Bakersfield, Calif. (KBAK/KBFX) — After suffering a ransomware attack over the weekend, the city of Shafter's IT system has been compromised and is unable to be unlocked.
"Ultimately these people want to disrupt the city services that are being offered in such a way that forces the township or city to have to pay the ransom that's being levied against them,” Kierk Sanderlin, a cyber security expert, said.
Sanderlin says attacks like these are becoming increasingly common.
"In 2019, a 60 percent increase against state, local governments, municipalities and such,” he said.
The city is working federal law enforcement agencies to determine the source and extent of the unauthorized access.
Sanderlin says smaller cities, like Shafter, are often times easier targets for cyber criminals.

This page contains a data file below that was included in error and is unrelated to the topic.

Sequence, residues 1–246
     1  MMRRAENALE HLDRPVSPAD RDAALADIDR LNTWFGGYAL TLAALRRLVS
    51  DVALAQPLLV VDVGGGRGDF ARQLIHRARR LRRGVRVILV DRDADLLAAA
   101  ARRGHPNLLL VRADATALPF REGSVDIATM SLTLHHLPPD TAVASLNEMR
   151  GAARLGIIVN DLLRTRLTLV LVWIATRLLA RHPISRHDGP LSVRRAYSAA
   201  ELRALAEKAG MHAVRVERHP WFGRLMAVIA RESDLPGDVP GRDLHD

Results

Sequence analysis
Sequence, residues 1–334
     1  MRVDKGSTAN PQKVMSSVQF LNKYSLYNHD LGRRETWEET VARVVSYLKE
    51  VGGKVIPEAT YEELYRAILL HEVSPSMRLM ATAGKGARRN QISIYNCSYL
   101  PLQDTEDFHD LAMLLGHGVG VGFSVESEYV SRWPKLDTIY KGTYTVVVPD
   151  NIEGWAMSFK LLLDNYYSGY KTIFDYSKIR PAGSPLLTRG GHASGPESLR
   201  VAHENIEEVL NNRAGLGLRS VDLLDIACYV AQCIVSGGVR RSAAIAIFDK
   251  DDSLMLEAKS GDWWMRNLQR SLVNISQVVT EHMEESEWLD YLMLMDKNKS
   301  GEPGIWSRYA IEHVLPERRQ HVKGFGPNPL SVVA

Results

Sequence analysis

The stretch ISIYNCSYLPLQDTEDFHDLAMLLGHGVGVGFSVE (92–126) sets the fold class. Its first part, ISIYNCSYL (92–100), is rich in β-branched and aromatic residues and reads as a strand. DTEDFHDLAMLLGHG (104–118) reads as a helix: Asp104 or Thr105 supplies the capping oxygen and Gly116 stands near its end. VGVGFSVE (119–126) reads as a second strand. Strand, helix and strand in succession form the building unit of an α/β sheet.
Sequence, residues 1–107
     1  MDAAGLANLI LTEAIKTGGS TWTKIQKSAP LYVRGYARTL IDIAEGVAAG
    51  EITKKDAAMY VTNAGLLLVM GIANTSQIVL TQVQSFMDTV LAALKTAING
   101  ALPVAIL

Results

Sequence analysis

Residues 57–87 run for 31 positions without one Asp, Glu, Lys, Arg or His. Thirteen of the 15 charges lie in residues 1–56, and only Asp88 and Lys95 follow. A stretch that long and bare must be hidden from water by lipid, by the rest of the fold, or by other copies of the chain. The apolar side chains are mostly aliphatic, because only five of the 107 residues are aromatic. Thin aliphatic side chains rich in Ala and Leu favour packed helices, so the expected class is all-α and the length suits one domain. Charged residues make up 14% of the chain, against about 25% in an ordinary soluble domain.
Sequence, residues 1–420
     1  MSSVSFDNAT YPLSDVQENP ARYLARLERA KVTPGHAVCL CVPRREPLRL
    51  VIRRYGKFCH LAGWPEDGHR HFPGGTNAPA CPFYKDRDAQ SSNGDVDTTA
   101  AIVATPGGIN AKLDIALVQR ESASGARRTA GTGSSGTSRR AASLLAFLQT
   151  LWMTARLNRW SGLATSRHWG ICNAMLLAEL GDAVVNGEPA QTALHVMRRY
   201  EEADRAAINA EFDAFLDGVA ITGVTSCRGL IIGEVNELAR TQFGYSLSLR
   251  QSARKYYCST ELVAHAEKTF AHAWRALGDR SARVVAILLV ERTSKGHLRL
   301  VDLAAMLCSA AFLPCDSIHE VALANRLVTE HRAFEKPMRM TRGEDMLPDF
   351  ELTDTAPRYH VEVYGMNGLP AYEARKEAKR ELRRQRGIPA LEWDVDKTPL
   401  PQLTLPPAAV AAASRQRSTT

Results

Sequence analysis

"In many cases, particularly some of these smaller communities, because they don't have a decent cyber security budget or a highly trained staff. So that makes them kind of easy pickings, if you will, for some of these ransomware crews today,” he said.
And while Shafter doesn't think any personal information about city residents has been obtained, Sanderlin advises people to still be careful.
"Monitor your credit, monitor transactions that you may see in the future related to things that could have been compromised where you were conducting business with that municipality,” Sanderlin said.